Posted by aevans1108
on August 14, 2008 at 2:21 AM PDT
I used the NetBeans (6.1) RESTful Web Services (0.8) plug-in to generate webservices from entity classes which I previously generated from an underlying MySQL database of my own creation. I then deployed the resulting services to Glassfish [Sun Application Server 9.1_02 (build b04-fcs)] where I previously configured a custom jdbc realm (named "quantumauth"). There are two roles: user and admin. Both are mapped to corresponding principals and groups by the same name in sun-web.xml. Associated constraints are likewise defined in web.xml.
Here's some background that I don't know is relevant. You can skip it for now and come back to it if you think it's important:
The default converter classes are generated such that they include "Ref" elements in the XML -- so that the application can be "well connected" I suppose. However, since I'm writing an AJAX front end and don't want to make several round trips from the browser to the web server to retrieve all the child records (i.e. foreign records) associated with a given master record, I modifed the getReferences() methods in the plurally named converter classes (e.g. "CustomersConverter") to return collections of actual objects (like "Collection" rather than "Collection".) The setReferences() method however, continues to accept a collection of reference classes (e.g. Collection) since that serves my purposes well. I also renamed the @XmlElement()s to not use the "Ref" suffix. That is, XML representation semantics are different for POSTs and PUTs than they are for GETs. In other words, while element names are identical in both representations, server generated representations include comprehensive child record representations, but client generated representations only include the subelement in the encapsulated child record representations (which also have a uri attribute) -- as if they were Ref subelements (which they are, save for the name). I'm sure someone is going to say this is rotten, but I'm really just doing some pro-bono work as a learning exercise so I figure I'm off the hook. ;-)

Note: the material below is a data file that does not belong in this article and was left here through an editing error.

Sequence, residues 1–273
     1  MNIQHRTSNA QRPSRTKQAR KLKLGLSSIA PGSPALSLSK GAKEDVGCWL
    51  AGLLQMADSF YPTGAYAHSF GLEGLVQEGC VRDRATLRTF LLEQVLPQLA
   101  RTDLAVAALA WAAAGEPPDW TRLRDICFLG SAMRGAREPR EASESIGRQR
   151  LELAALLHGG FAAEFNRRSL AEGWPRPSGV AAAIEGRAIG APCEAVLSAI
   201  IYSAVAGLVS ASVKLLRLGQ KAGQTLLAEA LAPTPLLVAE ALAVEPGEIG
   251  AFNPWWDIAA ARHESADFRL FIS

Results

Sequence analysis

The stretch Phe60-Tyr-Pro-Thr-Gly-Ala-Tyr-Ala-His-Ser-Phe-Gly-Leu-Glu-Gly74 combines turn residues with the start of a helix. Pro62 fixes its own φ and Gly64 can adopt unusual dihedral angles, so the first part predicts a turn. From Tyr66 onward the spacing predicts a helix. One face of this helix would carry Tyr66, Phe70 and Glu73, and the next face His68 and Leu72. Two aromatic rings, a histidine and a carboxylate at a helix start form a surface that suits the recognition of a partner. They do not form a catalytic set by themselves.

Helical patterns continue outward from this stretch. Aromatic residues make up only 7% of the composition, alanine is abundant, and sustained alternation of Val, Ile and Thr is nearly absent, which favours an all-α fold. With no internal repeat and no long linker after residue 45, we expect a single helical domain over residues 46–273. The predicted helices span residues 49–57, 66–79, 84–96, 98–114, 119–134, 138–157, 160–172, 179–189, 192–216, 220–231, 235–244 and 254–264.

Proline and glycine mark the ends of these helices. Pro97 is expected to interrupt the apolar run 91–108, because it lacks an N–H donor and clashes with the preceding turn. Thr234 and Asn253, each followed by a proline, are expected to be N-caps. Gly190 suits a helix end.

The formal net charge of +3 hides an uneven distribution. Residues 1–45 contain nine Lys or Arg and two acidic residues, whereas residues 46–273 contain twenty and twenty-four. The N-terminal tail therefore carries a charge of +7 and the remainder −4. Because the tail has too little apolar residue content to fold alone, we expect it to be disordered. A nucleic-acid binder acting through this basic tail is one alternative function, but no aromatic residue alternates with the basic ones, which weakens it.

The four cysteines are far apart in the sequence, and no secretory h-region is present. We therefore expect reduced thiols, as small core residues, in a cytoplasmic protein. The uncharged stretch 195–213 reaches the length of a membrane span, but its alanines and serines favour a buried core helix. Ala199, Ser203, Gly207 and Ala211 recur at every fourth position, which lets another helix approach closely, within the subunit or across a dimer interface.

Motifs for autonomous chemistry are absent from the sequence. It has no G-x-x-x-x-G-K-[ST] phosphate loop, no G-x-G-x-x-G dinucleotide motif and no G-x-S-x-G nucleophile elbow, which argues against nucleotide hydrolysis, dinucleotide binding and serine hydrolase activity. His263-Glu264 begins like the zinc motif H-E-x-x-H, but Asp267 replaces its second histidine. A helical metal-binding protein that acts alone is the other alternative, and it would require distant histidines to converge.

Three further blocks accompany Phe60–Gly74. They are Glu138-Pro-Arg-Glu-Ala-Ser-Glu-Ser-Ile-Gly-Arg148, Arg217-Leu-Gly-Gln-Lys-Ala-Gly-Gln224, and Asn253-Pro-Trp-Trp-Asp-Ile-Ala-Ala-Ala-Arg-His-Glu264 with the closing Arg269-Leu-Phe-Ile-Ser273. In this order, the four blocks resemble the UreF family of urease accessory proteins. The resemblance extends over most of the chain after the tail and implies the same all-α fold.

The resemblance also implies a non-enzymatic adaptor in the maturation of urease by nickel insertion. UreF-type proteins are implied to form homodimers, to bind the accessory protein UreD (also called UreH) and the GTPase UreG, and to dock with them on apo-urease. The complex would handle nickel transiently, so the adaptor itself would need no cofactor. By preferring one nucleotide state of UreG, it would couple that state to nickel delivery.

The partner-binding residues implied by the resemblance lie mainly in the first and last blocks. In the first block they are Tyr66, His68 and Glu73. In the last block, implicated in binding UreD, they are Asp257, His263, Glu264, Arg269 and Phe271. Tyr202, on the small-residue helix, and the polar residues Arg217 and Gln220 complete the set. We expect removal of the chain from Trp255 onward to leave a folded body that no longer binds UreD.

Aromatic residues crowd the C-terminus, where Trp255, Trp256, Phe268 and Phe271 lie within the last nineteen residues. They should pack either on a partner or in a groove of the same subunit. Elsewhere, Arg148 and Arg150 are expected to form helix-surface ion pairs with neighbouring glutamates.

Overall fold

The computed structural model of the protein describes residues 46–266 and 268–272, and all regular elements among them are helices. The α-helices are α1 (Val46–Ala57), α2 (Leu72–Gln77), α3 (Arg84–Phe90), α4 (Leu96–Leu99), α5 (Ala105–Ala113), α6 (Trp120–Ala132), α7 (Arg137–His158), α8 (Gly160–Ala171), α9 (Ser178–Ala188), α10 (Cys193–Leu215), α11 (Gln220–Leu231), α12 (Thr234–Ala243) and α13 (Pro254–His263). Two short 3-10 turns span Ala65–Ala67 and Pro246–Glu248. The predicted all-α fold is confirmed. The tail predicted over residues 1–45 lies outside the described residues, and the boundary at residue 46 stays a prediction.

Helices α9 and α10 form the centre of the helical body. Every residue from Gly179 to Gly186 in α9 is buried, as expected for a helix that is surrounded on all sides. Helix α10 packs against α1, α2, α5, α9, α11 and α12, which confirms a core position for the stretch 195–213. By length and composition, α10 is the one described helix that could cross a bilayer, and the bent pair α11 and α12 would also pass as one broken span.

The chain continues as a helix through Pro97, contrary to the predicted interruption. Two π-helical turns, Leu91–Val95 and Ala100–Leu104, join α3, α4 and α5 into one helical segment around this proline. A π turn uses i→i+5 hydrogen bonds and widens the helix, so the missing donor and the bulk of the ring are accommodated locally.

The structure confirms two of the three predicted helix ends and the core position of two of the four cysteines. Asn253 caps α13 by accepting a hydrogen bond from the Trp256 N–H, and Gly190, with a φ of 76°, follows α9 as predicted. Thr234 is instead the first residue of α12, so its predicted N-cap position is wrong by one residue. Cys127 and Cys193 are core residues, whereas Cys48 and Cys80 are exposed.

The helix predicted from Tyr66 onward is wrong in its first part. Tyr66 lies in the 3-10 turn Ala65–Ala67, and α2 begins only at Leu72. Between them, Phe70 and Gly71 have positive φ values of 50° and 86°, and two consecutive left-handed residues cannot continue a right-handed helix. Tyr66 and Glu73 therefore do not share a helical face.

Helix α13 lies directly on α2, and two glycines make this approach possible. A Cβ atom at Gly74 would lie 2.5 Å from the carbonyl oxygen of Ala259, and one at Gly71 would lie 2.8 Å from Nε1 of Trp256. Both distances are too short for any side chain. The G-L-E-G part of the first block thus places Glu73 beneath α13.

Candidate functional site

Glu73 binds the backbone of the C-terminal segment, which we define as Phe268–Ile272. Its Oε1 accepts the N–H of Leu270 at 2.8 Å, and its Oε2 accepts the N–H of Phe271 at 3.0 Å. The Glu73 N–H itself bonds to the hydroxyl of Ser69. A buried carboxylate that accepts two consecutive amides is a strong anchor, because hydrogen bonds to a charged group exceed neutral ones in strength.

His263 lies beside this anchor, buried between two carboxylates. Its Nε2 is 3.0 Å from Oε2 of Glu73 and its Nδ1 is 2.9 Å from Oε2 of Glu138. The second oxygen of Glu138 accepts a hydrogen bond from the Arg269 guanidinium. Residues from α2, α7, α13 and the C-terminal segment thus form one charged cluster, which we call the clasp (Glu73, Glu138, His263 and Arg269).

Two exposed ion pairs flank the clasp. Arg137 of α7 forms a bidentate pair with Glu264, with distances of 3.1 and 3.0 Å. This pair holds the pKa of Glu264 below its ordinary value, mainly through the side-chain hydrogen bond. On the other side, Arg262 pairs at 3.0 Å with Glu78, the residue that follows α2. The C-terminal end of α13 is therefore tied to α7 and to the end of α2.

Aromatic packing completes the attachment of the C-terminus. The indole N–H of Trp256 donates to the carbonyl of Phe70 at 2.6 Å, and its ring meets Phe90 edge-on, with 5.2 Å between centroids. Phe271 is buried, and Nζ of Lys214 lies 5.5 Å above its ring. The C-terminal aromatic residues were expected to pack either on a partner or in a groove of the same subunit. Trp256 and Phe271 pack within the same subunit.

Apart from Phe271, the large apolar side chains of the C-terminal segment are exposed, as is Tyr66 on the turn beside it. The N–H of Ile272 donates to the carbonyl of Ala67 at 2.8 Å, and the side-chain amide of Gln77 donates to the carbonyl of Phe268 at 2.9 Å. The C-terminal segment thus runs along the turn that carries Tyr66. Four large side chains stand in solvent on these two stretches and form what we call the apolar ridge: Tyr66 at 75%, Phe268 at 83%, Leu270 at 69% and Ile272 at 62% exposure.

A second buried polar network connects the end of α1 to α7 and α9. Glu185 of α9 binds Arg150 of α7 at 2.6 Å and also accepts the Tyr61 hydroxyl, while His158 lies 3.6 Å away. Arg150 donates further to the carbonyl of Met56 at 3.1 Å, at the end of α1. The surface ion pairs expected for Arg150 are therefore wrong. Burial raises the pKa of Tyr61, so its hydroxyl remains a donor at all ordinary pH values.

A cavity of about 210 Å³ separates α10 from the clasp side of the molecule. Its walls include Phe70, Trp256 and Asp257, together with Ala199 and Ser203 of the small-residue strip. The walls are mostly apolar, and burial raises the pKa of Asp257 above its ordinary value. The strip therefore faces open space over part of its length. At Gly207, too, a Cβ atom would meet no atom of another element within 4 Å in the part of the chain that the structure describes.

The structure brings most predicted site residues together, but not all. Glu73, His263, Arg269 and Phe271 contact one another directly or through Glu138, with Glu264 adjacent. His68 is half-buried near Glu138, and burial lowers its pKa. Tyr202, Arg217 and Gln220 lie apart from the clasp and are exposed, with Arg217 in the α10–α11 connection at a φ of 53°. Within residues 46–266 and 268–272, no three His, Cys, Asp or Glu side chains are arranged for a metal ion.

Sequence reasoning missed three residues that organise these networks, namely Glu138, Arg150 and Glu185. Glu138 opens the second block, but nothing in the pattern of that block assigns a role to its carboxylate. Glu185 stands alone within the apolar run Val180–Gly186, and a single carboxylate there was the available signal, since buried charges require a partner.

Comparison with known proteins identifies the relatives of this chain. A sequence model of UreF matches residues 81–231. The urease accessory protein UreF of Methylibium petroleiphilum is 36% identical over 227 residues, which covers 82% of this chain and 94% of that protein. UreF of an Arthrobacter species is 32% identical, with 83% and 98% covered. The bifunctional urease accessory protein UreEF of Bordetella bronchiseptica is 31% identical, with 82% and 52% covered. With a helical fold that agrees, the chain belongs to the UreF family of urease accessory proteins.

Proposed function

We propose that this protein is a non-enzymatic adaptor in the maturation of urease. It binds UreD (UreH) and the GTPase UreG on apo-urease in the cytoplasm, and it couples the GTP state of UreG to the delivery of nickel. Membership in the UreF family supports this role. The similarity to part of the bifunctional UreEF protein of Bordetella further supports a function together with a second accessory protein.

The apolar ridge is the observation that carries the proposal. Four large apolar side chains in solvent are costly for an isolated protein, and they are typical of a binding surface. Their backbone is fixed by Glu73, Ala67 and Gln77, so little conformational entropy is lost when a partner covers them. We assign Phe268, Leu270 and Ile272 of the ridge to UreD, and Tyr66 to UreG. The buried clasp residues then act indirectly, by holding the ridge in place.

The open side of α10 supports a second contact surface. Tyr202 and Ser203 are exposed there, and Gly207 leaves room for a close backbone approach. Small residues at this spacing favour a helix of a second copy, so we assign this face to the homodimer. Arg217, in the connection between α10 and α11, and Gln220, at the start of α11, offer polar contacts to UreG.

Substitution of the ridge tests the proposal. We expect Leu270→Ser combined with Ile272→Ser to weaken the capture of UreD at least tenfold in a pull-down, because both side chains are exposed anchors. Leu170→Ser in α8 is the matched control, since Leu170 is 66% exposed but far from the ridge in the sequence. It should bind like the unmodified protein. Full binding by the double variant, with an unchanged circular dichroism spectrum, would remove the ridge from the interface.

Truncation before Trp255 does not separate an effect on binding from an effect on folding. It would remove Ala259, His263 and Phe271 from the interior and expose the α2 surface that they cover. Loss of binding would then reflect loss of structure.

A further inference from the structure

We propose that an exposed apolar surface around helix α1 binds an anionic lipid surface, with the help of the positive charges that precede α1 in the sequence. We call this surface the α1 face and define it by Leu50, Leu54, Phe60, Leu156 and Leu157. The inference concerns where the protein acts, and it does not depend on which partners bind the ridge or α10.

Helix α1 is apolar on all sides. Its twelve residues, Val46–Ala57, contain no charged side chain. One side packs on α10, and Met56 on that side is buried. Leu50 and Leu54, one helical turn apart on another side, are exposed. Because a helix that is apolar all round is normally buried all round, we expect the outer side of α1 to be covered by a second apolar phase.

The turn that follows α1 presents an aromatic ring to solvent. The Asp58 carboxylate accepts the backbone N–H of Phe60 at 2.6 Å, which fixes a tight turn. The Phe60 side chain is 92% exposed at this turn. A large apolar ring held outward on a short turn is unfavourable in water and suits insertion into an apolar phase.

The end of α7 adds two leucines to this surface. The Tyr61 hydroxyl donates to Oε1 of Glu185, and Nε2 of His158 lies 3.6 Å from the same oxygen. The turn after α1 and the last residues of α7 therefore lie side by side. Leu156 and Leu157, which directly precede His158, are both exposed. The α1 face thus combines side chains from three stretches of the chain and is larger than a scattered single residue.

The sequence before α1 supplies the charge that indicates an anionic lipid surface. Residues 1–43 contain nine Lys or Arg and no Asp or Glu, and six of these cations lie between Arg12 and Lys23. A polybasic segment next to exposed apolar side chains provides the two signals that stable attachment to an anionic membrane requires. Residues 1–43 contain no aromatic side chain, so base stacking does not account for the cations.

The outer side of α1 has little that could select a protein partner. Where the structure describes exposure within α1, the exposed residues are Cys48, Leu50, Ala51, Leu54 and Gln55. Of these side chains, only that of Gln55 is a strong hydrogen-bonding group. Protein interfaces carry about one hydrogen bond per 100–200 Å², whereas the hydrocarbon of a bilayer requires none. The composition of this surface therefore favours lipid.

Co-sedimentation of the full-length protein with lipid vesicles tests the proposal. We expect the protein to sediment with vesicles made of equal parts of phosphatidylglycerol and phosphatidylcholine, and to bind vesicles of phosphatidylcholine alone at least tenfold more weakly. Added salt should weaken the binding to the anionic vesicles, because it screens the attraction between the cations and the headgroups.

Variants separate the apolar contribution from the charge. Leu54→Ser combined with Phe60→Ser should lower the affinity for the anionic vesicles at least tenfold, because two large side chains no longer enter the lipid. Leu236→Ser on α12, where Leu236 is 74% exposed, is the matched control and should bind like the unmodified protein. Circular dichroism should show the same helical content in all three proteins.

Background information ends here.
GETs and DELETEs work beautifully. POSTs and PUTs work just hunky dorey when operating on master records provided I don't include any foreign key "Ref"-style (but not so-named) elements in the XML representation. Once I do that, Glassfish sends back a 404 as if the uri attributes in the "Ref" tags (which again, aren't named "Ref", but are "Ref"s just the same) were invalid. However the associated resources are perfectly accessible with the provided credentials so long as I go right to them from the browser. I hope you're following me. Here comes the good part.
I cranked up logging on everything to FINEST. Ugh. Generates about 16 MB/sec of stuff that I went through with a pot of coffee and a pair of tweezers. It turns out that Glassfish authorizes the PUT operation, no problem. However, when it attempts to verify the "Refs" by their associated IDs using GETs against the resources it somehow loses the credentials I provided it through HTTP basic authentication (credentials that it has already verified) and attempts to authenticate with "null" as the value for the principal instead. Naturally, the com.sun.web.security.WebSecurityManager rejects the null credentials and the entire operation fails -- again, with a 404 passed back to the client. Now, I'm just putting this together based on what I've read in the logs. I might be all wet.
I can duplicate the error without involving the browser simply by using telnet and sending:
PUT http://localhost:8080/quantum6/resources/membrs/2/ ? HTTP/1.1
Authorization: Basic YWV2YW5zOg==
This approach (telnet) works fine with working elements of the application so it's not the problem.
I have uploaded the entire project to http://aevans.vendor.net/quantum6.zip . It's nearly 10 MB. Server.log and the SQL to generate the db are in the root of the archive (you have to run each create statement in the db seperately -- the database is called quantum2, the application is called quantum6). You can also just view server.log by itself at http://aevans.vendor.net/server.log . The code is a mess. Like I said, I'm learning.
I am happy to forgo checks on the referenced child records and defer database constraint enforcement well... to the database engine... but that means I need a different converter for incoming data than I use for outgoing data. Indeed I'll probably start using that approach tomorrow or Friday if there aren't any answers to this post. However, I find that I'm constantly working around my ignorance of Glassfish and I don't want to do that anymore. I want to know why it thinks it doesn't have GET permission to the child records. Why is it losing the credentials that I supplied it midway through the operation?
There is a similar issue posted at http://tinyurl.com/6gdtt9 but it is completely over my head. My sun-web.xml has the associated elements in any case.
I will be grateful for any and all responses whether from your experience, a tarot deck, ouija board, whatever...
Many thanks in advance for your time getting this far and my warmest regards... :)
PS: If you look at the code, you'll see that in service.MembrResource.getMembrResourceForWhoModifiedId() that I try a hack that uses @PermitAll and attempts to override the method I thought might be causing the problem. The problem occurs with or without the hack (I don't even know if @PermitAll can be used in this way.) I actually don't even think it gets this far. I put some logging in here at one point and it never wrote anything out.